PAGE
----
Definition of terms first: probate is the court process by which your estate is settled and distributed to your heirs (if you have not made a valid will) or your devisees (if you have). Confusingly, “probate” is also the term applied (in most states) to the court where probate proceedings, guardianship, conservatorship and sometimes even civil commitment and adult adoptions are conducted. We are not talking here about how to avoid probate court altogether, but just about how to keep your estate from having to go through the probate process upon your death.

Arranged (more or less) from least desirable to most, here are some of the ways to avoid probate of your estate upon your death:

Die poor. In Arizona, an estate consisting of up to $75,000 of personal property can be collected by the people who claim to be entitled to it without the need of a probate court proceeding. The affidavit for collection of personal property is widely available and usually free. Your survivors can use it to transfer title to your auto, or to collect small bank (or other financial) accounts. The statute providing for collection of small estates also provides a mechanism for the surviving spouse to get a decedent’s last paycheck, and for beneficiaries to transfer title to real property up to another $100,000 in value. Most other states have a similar law, but with dollar limits that vary widely. [Note: the small estates numbers were updated to the figures listed here by the Arizona legislature in 2013.]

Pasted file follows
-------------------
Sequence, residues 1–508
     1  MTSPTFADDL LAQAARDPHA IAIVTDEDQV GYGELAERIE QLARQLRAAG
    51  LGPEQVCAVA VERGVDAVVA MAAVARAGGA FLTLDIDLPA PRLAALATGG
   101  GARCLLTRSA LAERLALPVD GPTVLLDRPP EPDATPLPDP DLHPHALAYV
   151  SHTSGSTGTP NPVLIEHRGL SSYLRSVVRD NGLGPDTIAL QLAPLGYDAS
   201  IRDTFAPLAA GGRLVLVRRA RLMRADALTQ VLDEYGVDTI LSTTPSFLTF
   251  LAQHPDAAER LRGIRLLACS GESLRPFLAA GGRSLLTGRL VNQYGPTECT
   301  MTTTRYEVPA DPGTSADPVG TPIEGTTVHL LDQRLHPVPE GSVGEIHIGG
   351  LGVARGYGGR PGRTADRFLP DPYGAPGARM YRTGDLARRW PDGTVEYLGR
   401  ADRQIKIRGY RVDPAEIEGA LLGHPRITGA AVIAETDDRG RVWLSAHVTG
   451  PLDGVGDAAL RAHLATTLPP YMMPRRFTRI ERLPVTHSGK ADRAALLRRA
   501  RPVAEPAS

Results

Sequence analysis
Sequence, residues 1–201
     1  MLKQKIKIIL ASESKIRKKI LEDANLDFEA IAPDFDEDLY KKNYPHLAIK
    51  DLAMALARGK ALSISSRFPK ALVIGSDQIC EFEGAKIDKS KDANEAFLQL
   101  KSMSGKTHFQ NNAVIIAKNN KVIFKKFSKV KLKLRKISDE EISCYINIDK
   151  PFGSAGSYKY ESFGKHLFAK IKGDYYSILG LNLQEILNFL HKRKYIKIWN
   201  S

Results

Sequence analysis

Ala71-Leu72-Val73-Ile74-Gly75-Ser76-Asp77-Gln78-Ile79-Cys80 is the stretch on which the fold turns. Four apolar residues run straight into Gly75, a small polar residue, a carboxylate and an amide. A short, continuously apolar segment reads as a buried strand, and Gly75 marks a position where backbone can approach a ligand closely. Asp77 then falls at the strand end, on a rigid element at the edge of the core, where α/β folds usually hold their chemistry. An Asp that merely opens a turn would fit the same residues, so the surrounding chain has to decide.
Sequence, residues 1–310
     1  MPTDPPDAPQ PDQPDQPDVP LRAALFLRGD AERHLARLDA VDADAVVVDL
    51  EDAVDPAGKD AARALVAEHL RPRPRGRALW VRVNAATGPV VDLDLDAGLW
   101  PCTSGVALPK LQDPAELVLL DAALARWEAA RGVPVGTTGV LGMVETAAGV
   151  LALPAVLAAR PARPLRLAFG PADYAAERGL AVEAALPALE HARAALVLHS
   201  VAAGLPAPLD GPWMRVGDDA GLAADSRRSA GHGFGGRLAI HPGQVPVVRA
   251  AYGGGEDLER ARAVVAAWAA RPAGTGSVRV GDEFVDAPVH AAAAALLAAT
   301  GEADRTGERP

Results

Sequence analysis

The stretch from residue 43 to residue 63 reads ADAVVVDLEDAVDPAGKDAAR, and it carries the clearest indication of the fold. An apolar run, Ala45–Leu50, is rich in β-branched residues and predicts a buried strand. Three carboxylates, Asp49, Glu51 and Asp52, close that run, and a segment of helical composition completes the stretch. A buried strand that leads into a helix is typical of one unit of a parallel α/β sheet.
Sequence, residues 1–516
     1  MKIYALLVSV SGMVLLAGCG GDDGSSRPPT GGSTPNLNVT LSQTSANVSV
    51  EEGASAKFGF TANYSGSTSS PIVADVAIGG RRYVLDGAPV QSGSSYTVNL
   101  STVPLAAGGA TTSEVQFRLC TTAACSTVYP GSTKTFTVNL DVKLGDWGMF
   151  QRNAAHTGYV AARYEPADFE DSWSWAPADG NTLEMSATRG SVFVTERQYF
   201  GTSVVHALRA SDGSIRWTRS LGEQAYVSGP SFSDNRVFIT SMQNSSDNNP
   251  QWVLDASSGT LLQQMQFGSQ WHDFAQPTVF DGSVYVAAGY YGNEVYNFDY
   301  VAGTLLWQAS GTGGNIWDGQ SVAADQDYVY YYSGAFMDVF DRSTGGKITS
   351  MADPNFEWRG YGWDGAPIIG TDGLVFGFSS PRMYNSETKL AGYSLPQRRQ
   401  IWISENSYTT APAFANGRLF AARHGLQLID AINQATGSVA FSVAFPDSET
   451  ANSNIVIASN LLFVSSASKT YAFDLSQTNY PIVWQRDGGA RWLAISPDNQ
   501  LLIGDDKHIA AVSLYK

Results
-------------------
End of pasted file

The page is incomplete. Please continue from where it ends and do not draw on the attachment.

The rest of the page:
Give it all away. One sure-fire way to avoid probate: give everything to your kids (or whomever you want to receive your stuff) now. The main problem with this approach should be obvious — what if they won’t let you live in your house any more, or withhold the interest you counted on them returning to you each month? Things change: you might change your mind about leaving everything to that child, or to all your children. The child you transfer assets to might marry someone you don’t trust. Worse yet, that child might die — leaving you at the mercy of his or her spouse and children. Maybe you and the child you give your stuff to will end up disagreeing about when you need to go to a nursing home, or whether you ought to get married late in life, or even take in a roommate.